WWI and Modernism
WWI described in Dulce Et Decorum Est


     This will be a gallery of images that are from and relate to poems from World War 1. This image shows soldiers shuffling through trenches in what was called trench warfare. The soldiers in this image are crouched down to avoid being shot; this is also described in the poem by Wilfred Owen called "Dulce Et Decorum Est" in lines 1-4 saying "Bent double, like old beggars under sacks, knock-kneed, coughing like hags, we cursed through sludge, Till on the haunting flares we turned our backs, And towards our distant rest began to trudge." which also mentions how filthy the trenches would get which allowed diseases to easily spread and infect the soldiers. These trenches were dug as a way to take cover and get set up for an attack. The above-ground area between the two trenches (that being both the trench in this image and the enemies trench) was referred to as "no man's land".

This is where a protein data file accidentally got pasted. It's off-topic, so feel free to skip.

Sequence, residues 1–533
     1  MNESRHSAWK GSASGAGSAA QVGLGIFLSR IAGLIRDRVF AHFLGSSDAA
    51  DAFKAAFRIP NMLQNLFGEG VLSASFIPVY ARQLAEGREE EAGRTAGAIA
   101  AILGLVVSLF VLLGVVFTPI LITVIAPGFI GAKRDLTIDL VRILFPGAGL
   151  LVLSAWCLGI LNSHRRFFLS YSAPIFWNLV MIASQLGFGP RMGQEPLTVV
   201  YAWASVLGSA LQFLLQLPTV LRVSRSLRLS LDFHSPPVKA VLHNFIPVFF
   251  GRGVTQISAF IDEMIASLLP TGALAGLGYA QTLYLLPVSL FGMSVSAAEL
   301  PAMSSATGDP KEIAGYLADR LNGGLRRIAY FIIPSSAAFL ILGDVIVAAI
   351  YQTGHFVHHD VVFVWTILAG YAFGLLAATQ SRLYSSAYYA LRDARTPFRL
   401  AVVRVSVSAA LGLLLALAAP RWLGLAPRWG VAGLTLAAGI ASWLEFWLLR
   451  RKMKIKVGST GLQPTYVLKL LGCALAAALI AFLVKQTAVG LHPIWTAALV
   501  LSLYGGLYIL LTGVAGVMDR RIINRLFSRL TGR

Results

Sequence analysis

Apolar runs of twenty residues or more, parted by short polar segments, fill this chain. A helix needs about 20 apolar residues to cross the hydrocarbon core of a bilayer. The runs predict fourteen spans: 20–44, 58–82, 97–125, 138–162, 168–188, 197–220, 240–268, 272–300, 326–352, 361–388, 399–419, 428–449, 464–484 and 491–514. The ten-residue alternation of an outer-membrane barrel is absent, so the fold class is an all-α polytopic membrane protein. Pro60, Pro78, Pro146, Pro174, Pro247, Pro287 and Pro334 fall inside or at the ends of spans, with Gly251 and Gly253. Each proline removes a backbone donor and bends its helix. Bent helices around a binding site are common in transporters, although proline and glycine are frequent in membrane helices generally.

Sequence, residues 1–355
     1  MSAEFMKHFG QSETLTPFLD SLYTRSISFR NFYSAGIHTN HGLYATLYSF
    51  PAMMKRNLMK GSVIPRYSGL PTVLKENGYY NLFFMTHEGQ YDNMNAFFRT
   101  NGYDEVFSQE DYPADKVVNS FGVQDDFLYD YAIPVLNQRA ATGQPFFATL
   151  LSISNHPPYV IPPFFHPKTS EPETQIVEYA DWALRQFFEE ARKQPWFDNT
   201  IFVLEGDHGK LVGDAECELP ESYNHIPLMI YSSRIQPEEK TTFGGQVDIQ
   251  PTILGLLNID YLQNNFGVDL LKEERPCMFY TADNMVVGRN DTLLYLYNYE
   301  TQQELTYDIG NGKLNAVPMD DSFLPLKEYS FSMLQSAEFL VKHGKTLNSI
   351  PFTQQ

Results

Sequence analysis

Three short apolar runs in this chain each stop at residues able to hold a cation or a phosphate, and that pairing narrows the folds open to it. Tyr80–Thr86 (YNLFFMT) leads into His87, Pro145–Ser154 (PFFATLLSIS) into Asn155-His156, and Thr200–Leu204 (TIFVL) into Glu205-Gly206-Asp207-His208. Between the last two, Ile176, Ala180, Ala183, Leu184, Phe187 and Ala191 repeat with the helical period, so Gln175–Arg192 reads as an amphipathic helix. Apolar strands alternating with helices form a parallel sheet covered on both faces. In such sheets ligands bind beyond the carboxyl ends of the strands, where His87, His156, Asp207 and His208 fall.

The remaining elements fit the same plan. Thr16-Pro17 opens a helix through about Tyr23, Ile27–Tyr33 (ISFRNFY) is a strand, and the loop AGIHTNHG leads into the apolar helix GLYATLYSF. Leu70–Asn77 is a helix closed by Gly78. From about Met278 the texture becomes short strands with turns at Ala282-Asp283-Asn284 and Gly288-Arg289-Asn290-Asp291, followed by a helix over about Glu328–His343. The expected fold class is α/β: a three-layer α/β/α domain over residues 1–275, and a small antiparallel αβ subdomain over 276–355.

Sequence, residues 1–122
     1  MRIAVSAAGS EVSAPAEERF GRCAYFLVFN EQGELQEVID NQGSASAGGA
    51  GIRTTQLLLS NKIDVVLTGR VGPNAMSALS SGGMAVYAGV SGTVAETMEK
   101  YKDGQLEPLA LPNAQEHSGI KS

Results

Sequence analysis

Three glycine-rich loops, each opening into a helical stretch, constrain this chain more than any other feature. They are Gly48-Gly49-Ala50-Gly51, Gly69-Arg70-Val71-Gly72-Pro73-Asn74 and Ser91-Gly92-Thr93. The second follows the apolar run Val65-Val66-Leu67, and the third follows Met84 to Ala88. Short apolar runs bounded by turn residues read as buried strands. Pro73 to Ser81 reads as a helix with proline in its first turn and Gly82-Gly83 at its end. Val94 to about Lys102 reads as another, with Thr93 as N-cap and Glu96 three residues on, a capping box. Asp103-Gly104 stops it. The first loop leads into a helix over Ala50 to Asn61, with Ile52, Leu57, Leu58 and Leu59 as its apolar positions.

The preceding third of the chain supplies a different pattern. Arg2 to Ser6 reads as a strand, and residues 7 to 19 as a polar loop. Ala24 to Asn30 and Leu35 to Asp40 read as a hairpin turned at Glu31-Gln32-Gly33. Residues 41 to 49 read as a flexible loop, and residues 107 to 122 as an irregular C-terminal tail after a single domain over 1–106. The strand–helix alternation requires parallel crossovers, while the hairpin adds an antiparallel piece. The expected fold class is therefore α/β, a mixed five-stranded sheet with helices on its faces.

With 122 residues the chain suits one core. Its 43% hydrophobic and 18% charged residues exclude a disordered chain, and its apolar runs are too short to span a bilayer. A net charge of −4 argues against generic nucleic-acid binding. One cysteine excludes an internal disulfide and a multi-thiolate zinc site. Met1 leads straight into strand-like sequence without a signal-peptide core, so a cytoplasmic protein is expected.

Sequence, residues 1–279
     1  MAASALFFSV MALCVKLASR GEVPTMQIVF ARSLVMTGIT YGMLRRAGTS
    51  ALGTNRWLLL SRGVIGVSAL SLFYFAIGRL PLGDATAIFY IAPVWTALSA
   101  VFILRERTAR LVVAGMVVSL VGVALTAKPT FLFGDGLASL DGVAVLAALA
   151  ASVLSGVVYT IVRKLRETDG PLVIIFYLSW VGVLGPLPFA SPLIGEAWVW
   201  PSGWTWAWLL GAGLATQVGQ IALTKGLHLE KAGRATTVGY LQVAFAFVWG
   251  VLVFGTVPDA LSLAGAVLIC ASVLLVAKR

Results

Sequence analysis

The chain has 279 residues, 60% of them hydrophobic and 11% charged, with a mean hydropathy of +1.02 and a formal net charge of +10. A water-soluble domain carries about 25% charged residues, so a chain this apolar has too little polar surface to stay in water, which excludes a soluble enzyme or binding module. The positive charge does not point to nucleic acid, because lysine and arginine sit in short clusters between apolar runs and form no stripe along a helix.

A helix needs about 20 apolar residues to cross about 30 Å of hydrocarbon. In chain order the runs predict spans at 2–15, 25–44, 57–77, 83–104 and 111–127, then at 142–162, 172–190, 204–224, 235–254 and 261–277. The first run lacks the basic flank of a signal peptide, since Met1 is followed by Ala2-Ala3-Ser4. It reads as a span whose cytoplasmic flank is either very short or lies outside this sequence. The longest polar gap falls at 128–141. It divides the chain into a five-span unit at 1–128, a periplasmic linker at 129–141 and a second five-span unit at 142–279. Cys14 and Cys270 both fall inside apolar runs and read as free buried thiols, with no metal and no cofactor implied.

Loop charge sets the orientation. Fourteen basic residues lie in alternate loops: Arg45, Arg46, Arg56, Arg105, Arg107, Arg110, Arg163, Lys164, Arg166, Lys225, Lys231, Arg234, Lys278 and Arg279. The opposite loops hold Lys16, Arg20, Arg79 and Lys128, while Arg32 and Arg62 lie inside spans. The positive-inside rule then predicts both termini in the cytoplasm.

Associated Place(s)

Part of Group:

Artist Unknown

Image Date: 

circa. 20th century